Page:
The third layer and category is BIG DATA which represents stakeholders who provide infrastructure and services for the generation, collection, and analysis of data. The role of these stakeholders is to assist in the generation of insights using data and analytics.

The fifth layer and category represents ACADEMIA. This category consists of a variety of academic stakeholders that conduct research and provide innovative findings across a wide range of subject areas.

The sixth and final layer of the network is GOVERNMENT which provides regulatory and incentive frameworks. The layered design for the diagram was used to represent the levels of influence within the RECODE network and the effect that various categories of stakeholders have on one another. Changes in lower layers have significant influence and can cause abrupt change in layers above. For example, changes in government policy can have significant effects on all of the stakeholders in the above layers. Feedback effects also occur in which innovation in the layers above have influence on the layers below. However, this influence has more of a trickle down effect and occurs at a much slower rate.

The fourth layer of the network map is NON-GOVERNMENTAL ORGANISATIONS. This category represents stakeholders that provide a bridge between academia and industry. The role of these stakeholders is to transition knowledge generated through academic research into real practice.

The second layer of the RECODE network represents the category of BUSINESS STRATEGY. This category represents a wide range of stakeholders that directly support supply chain entities. The roles of these stakeholders include strategic and operation support, brand and marketing management, and business model innovation.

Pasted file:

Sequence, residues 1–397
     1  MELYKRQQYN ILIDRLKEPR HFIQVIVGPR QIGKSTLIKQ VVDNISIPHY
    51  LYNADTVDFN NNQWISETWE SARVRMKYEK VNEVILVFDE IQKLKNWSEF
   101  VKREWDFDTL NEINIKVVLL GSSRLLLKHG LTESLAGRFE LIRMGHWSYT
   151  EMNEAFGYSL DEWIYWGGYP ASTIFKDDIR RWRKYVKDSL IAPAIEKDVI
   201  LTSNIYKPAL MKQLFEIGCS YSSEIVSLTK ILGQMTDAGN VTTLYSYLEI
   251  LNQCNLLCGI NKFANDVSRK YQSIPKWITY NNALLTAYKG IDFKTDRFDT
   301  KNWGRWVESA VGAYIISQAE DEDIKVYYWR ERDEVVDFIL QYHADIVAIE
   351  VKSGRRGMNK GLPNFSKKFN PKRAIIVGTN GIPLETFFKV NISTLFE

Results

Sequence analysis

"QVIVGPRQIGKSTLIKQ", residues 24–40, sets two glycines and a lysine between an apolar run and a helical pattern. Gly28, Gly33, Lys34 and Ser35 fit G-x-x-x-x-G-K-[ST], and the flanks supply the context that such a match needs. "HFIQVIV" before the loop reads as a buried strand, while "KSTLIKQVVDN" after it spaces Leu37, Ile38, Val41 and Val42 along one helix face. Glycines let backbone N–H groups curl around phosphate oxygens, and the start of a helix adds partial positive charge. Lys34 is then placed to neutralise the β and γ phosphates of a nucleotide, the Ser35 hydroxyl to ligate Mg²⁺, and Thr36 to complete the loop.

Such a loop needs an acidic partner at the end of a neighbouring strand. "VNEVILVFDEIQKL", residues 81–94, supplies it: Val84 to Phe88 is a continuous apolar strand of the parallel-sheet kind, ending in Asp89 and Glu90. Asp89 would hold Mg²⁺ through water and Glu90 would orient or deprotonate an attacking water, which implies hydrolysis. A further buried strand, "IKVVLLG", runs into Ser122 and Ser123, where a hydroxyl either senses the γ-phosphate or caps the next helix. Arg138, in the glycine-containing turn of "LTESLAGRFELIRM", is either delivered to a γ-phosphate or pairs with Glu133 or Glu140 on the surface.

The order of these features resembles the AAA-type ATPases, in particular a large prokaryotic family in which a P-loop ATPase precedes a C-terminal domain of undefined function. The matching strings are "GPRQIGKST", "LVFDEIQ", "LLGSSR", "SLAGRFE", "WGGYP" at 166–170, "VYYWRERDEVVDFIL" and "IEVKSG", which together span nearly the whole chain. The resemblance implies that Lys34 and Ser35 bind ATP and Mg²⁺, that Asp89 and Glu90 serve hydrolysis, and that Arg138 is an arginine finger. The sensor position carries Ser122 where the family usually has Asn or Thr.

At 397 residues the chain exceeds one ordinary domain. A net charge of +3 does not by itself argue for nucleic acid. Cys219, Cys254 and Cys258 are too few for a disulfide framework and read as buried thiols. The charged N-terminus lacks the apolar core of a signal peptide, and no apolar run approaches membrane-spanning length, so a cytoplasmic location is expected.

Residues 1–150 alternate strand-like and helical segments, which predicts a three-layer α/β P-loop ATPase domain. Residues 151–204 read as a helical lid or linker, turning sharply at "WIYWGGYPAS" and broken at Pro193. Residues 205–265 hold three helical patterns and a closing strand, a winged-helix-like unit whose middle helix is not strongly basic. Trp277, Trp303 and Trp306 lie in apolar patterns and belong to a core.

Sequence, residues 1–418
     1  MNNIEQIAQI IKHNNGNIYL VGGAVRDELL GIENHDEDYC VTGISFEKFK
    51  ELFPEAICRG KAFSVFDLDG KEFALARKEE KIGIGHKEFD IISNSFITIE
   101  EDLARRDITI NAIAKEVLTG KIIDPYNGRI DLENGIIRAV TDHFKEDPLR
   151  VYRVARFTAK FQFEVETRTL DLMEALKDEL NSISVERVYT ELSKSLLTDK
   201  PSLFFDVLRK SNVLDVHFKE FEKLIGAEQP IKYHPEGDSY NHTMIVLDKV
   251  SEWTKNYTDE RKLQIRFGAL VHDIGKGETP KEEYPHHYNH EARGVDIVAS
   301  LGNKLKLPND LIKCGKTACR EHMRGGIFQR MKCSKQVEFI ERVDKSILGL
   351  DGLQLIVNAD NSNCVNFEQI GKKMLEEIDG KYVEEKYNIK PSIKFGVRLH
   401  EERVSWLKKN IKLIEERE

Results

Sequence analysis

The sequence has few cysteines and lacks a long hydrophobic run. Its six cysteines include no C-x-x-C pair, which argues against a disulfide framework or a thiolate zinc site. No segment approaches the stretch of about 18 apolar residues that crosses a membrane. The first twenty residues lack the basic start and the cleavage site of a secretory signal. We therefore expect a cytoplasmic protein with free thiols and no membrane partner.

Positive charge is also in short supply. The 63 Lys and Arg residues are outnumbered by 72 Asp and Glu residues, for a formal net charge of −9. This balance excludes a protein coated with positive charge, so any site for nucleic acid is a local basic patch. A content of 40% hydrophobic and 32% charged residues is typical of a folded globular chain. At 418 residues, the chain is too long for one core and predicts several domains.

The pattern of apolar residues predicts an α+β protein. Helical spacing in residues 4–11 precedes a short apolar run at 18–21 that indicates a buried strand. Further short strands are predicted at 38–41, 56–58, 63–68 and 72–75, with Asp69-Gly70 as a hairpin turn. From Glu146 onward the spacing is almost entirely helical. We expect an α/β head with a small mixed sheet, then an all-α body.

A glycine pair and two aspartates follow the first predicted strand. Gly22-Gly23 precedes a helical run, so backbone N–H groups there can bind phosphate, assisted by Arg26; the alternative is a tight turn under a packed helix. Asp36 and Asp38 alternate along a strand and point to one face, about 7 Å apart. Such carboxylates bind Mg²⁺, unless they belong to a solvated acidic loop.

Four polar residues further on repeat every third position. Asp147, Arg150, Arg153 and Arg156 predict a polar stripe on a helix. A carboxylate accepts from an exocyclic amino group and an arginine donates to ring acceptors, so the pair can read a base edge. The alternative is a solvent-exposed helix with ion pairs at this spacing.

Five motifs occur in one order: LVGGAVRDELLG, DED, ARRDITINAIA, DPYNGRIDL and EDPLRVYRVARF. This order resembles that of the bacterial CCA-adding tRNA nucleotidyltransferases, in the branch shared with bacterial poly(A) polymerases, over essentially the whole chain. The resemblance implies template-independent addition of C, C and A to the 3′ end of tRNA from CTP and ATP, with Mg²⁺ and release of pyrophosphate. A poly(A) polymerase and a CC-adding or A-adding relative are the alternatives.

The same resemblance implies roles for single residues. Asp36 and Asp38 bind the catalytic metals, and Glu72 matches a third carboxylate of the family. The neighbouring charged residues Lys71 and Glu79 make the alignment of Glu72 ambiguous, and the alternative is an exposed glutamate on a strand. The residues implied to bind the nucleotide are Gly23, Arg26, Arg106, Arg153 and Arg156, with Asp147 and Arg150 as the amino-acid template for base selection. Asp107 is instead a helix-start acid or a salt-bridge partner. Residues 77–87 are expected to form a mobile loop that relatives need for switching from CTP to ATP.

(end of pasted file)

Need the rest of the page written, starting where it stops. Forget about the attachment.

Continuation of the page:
The SUPPLY CHAIN category is sub-divided into subcategories of resources input, manufacture, logistics, retail and end of life / use.

The role of stakeholders in these sub-categories are described below.


  • RESOURCE INPUT: stakeholders that perform resource extraction and raw material processing.

  • MANUFACTURE: stakeholders that perform sub-assembly manufacture, product manufacture, and design and product development.

  • LOGISTICS: stakeholders that provide distribution across the supply chain.

  • RETAIL: stakeholders that provide a point of connection, in-store or online, between product manufacturers and consumers.

  • END OF LIFE/USE: stakeholders that provide resource management for products that have reached their end of life or end of use. Increasingly these entities will shift to also providing the resource input into the supply chain.

The RECODE Network map was developed to provide a visual representation of various network stakeholders and the general relationships that exist between them. To demonstrate these relationships visually, a layered diagram of concentric circles was developed to describe the different categories of stakeholders based on their role.

RECODE Network Map

The Network map went through several iterations over the course of the project. Each iteration was tested by plotting stakeholders in within the various categories. Some stakeholders can be mapped in multiple categories. Cisco, for instance, is located in both big data and manufacture. Roles of stakeholders were first identified through online research and the engagement interviews. The Network map provided a deeper understanding of the stakeholders involved and provided an understanding to the various motivations, requirements, and interests.

The top layer and category of the network map is represented by a typical supply chain. All of the supply chain entities described below exist in our current centralised manufacturing system. However, the importance of access to material input in RdM systems may result in a more cyclical system in which material that reaches the end of its life will become material input for the next generation of production. As a result the RECODE network is represented as a series of stacked circular layers.